August 17, 2022

7 Reasons Why You’re Coughing After Eating

Postprandial cough, or coughing after eating, is a common problem that many people face. There are many possible causes for this problem, and fortunately, most of them will not cause you long-term health problems. Let’s discuss some of the reasons you may be coughing after you eat and when you should see your healthcare provider.


Why do I cough?

A cough is your body’s way of responding to an irritation in the respiratory tract. Your body is using the air generated by the cough to try to force the irritant out.

Gastroesophageal Reflux Disease (GERD)

GERD or reflux is the most common cause of coughing after eating. Your stomach has circular muscles on both sides that help keep food and acid inside while it digests. Sometimes the muscles that keep food from going back into your esophagus and throat are weak, and acid can go the wrong way. Symptoms of GERD include

  • Pain in your mid-chest or just below your rib cage
  • Burning sensation in your chest or throat
  • Taste of acid in your mouth

Some people have laryngopharyngeal reflux (LPR), a variant of GERD that can also be called silent reflux. Silent reflux may occur without pain. Symptoms of LPR include

  • Hoarseness of your voice
  • Cough which worsens after eating or when laying down

GERD can be treated with acid-reducing medications over-the-counter. If your symptoms persist for more than a week or recur frequently, you should see your healthcare provider. If GERD continues for long periods of time, you can develop precancerous changes in the esophagus and, in severe cases, even cancer.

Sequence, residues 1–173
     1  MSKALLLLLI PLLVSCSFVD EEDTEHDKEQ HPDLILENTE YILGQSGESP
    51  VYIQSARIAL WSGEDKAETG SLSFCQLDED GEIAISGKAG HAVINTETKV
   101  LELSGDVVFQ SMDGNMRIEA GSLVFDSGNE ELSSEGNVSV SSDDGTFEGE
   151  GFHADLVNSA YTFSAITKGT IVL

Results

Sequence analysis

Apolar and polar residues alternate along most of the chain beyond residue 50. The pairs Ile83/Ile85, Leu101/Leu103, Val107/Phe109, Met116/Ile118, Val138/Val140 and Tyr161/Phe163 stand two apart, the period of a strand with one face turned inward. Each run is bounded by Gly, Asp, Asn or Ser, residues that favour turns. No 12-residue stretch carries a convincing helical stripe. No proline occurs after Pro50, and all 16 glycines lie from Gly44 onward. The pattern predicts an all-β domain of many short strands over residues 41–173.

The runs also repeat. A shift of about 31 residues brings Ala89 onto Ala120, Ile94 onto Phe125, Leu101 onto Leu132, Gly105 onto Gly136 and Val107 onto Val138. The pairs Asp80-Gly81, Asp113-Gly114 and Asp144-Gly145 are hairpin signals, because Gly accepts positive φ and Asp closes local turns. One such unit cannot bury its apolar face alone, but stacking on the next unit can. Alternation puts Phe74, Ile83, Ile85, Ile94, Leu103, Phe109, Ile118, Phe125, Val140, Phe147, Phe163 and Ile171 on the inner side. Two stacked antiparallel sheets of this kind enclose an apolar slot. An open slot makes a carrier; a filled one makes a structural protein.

Allergies are a frequent cause of common cough. If you have allergies to something in the air around you, you may develop a cough at any time. Food allergies can cause coughing as well. Some types of severe food allergies can cause more dangerous health problems like anaphylaxis, but most food allergies are not that severe. Food allergies can develop at any time in your life, so even if you weren’t allergic as a child, you may develop an allergy as an adult. These usually occur a couple of hours after eating but may occur anytime. If you think you have food allergies, you should talk to your healthcare provider about allergy testing or elimination diets.



If you have asthma, you may find that you cough after eating. Asthma is a chronic respiratory condition that is frequently associated with chronic cough. Some foods can trigger an asthma attack which can be as mild as an annoying cough after eating or as severe as significant difficulty breathing. If you have asthma, talk to your doctor about ways to avoid triggers and medications you can use if you have an attack.

Excessive Phlegm Production

Some foods, especially dairy-based foods, are known to cause excessive phlegm production. Eating foods like milk and cream can cause coughing after eating as the body tries to clear the phlegm from your airways. This is why a lot of singers and public speakers will avoid dairy-containing foods prior to performing or speaking engagements.